Fast methods that allow the in situ analysis of explosives from a variety of surfaces are needed in crime scene investigations and home-land security. Here, the feasibility of the ambient mass spectrometry technique desorption atmospheric pressure photoionization (DAPPI) in the analysis of the most common nitrogen-based explosives is studied.DAPPI and desorption electrospray ionization (DESI) were compared in the direct analysis of trinitrotoluene (TNT), trinitrophenol (picric acid), octogen (HMX), cyclonite (RDX), pentaerythritol tetranitrate (PETN), and nitroglycerin (NG). The effect of different additives in DAPPI dopant and in DESI spray solvent on the ionization efficiency was tested, as well as the suitability of DAPPI to detect explosives from a variety of surfaces.The analytes showed ions only in negative ion mode. With negative DAPPI, TNT and picric acid formed deprotonated molecules with all dopant systems, while RDX, HMX, PETN and NG were ionized by adduct formation. The formation of adducts was enhanced by addition of chloroform, formic acid, acetic acid or nitric acid to the DAPPI dopant. DAPPI was more sensitive than DESI for TNT, while DESI was more sensitive for HMX and picric acid.DAPPI could become an important method for the direct analysis of nitroaromatics from a variety of surfaces. For compounds that are thermally labile, or that have very low vapor pressure, however, DESI is better suited.

News Article | December 24, 2016

James A. Green has been working as a Forensic Document Examiner for over a quarter century. He is an expert in handwriting and signature analysis, and he examines wills, contracts and other documents. He does handwriting comparisons on anonymous notes, wills and forms. He utilizes specialized laboratory instruments such as the Video Spectral Comparator 4Plus that compares inks and verifies security paperwork, among other functions. He uses the Indented Writing Materializer to recover indented writing and provide vital evidence in cases of questioned signatures and handwriting. He also examines obliterations. For further details, please visit Mr. Green has been well-trained in his field. He is certified by the American Board of Forensic Document Examiners and now holds the position of Treasurer for the organization. In the past, he has served as President, Vice President and Secretary for this distinguished group of professionals. He also served as a Director of the American Academy of Forensic Sciences-Questioned Document Section Southwest Association of Forensic Document Examiners. Each year, Mr. Green attends conferences and workshops to hone his document examination skills and to retain his standing as certified with the American Board of Forensic Document Examiners. He is an active member of three well-known document examiner groups and regularly takes part in training seminars. In addition, he trained at the United States Secret Service-Questioned Document Course in 1989 and the United States Postal Inspection Crime Laboratory in 1991. Mr. Green also has extensive practical experience. Since the year 2000, he has worked in private practice on both civil and criminal matters. He served as an apprentice in the Eugene, Oregon Police Department for two and a half years, and was a Forensic Document Examiner for them from 1988 to 2000. He assisted them in various positions from 1976 until 1988. Mr. Green has much experience in both State and Federal Court, giving expert witness testimony in Alaska, California, Minnesota, Montana, Oregon, Texas, Washington and Wyoming. He has provided his expertise in a foreign court as well. He has spoken as an expert witness in over 110 court cases. In choosing Mr. Green, one receives high-quality Forensic Document Examiner service at an affordable price. Fees are calculated after he has viewed the documents and assessed the issue or issues involved. Most contested document cases are analyzed and have a report completed within a week of him receiving the papers. He provides service across the United States. He quickly responds to calls and emails, so issue or issues will be resolved in a timely manner. Please contact him toll free at (888) 485-0832 or in Oregon at (541) 485-0832 to have an analysis done right away. For more information, please visit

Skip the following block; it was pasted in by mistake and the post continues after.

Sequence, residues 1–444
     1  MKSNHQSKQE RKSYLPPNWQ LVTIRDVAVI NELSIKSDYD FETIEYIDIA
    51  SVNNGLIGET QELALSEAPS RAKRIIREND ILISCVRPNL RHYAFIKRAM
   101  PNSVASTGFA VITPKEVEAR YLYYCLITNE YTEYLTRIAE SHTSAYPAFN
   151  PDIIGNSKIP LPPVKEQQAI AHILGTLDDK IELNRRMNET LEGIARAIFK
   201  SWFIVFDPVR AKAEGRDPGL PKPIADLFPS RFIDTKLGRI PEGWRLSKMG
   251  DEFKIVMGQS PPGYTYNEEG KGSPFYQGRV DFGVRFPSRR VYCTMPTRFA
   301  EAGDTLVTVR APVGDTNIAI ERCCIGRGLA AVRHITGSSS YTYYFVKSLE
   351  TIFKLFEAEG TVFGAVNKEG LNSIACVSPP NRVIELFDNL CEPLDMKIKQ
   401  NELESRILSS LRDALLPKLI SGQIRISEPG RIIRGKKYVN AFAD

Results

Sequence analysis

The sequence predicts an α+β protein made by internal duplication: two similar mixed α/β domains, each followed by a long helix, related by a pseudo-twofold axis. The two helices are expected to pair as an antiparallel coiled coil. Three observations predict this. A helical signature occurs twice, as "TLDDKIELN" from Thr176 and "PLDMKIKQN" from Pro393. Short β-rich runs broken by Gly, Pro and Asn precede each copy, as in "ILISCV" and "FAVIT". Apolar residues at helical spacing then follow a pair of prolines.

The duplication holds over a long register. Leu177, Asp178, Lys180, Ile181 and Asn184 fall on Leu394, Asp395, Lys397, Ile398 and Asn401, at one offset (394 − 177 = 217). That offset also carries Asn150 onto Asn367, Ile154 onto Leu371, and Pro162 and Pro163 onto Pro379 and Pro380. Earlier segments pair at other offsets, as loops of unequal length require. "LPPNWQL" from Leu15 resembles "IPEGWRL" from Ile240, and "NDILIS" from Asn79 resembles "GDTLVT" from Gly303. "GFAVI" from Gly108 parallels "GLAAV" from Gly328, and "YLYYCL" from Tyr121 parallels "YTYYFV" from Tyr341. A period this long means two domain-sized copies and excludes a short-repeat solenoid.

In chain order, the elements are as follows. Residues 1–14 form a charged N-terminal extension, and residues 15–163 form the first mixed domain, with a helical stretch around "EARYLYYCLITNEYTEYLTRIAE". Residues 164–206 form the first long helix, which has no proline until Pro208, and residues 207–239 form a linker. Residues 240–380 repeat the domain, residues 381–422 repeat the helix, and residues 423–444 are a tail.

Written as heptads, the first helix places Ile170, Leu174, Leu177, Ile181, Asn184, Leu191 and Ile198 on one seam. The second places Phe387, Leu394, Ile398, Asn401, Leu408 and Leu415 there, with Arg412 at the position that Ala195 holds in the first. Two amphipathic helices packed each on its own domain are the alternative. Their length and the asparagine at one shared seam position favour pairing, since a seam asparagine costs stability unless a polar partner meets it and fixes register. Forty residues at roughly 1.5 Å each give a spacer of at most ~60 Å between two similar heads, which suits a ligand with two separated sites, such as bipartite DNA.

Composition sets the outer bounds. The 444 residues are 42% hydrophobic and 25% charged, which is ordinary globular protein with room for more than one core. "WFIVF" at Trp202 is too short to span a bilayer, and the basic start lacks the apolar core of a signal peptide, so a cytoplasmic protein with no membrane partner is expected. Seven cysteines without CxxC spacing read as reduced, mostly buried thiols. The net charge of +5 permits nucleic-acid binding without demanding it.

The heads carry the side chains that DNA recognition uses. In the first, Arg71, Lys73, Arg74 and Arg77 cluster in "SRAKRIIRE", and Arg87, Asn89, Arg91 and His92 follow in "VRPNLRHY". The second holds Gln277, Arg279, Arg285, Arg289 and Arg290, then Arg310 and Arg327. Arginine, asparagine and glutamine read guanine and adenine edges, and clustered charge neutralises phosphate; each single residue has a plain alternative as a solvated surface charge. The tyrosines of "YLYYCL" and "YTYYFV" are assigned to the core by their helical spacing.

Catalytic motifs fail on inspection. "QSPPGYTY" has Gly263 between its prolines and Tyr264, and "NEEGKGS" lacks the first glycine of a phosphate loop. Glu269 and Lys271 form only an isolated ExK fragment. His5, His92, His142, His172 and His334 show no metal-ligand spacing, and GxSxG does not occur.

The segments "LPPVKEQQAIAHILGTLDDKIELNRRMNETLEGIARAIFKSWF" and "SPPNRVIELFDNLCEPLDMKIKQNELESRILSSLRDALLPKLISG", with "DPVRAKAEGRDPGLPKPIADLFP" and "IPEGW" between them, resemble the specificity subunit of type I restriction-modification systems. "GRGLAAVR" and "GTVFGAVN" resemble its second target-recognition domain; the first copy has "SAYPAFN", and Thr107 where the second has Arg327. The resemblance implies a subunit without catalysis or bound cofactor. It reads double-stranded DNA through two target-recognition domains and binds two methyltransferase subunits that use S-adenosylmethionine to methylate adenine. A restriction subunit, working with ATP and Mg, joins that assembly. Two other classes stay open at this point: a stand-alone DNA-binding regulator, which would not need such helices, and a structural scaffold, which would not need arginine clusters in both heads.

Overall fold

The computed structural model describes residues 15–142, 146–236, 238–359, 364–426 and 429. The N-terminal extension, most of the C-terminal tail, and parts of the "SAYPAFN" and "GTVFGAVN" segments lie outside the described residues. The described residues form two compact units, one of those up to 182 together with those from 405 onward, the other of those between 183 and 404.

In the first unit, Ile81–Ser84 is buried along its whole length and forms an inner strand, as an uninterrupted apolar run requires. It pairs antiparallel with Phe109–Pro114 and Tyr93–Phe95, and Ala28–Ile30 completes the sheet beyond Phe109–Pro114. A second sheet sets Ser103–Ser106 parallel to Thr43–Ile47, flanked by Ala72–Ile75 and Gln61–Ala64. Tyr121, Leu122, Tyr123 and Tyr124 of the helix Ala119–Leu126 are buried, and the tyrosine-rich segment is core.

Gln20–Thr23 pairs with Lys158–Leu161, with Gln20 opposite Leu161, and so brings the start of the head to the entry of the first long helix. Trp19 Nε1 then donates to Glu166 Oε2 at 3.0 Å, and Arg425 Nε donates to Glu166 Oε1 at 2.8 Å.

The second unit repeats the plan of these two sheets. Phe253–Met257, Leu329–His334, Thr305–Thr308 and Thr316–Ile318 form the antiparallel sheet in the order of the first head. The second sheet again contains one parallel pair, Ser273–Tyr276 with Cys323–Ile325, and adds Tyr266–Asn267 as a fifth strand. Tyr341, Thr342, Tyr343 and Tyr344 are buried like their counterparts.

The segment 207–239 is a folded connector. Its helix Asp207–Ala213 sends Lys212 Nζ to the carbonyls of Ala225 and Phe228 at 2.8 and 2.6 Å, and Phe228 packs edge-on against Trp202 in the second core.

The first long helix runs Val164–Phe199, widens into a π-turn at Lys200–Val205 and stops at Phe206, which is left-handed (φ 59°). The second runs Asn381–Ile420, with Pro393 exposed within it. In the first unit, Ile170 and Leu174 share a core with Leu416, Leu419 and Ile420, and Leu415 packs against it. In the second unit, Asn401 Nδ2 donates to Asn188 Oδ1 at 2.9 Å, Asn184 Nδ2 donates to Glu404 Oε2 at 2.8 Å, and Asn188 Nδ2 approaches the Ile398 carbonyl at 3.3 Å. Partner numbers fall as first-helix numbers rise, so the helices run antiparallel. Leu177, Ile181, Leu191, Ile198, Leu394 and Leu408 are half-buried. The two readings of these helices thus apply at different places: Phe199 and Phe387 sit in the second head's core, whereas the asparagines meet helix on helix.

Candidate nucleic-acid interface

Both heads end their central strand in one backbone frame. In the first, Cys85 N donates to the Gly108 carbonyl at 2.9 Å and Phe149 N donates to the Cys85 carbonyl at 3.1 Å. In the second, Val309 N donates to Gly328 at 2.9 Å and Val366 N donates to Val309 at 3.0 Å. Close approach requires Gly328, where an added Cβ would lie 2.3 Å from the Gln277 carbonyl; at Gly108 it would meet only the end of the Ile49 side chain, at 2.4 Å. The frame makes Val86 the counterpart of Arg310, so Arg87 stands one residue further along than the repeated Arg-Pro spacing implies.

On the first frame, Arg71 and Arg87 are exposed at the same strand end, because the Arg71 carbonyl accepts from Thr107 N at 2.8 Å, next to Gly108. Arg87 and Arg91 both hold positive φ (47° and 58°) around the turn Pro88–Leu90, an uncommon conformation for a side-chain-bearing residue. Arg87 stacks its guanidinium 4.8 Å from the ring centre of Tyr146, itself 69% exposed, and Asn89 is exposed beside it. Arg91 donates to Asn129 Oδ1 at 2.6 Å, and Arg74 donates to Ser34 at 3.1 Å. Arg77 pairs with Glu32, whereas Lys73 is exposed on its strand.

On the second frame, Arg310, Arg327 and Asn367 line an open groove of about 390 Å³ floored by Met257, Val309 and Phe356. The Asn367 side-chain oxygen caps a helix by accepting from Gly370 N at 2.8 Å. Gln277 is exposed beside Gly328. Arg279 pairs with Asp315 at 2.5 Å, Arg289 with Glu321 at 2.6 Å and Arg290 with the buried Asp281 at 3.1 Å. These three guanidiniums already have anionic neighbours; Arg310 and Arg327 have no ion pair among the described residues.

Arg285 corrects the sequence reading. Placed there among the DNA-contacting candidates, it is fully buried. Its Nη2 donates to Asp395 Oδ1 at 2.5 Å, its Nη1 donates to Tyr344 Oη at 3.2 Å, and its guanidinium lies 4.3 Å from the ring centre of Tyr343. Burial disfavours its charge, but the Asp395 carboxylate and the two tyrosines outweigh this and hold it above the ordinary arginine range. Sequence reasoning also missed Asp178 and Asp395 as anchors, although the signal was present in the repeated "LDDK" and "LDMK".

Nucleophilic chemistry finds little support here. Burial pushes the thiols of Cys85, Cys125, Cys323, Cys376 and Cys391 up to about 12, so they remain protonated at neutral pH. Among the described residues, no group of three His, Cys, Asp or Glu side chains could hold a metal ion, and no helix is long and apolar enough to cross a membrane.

Stein D.,Crime Laboratory | Yu J.C.C.,Sam Houston State University
Journal of Forensic Sciences | Year: 2013

An imaging technique that is capable of reducing glare, reflection, and shadows can greatly assist the process of toolmarks comparison. In this work, a camera with near-infrared (near-IR) photographic capabilities was fitted with an IR filter, mounted to a stereomicroscope, and used to capture images of toolmarks on fired bullets and cartridge cases. Fluorescent, white light-emitting diode (LED), and halogen light sources were compared for use with the camera. Test-fired bullets and cartridge cases from different makes and models of firearms were photographed under either near-IR or visible light. With visual comparisons, near-IR images and visible light images were comparable. The use of near-IR photography did not reveal more details and could not effectively eliminate reflections and glare associated with visible light photography. Near-IR photography showed little advantages in manual examination of fired evidence when it was compared with visible light (regular) photography. © 2013 American Academy of Forensic Sciences.

PubMed | Crime Laboratory and University of the Philippines
Type: Journal Article | Journal: Heart Asia | Year: 2016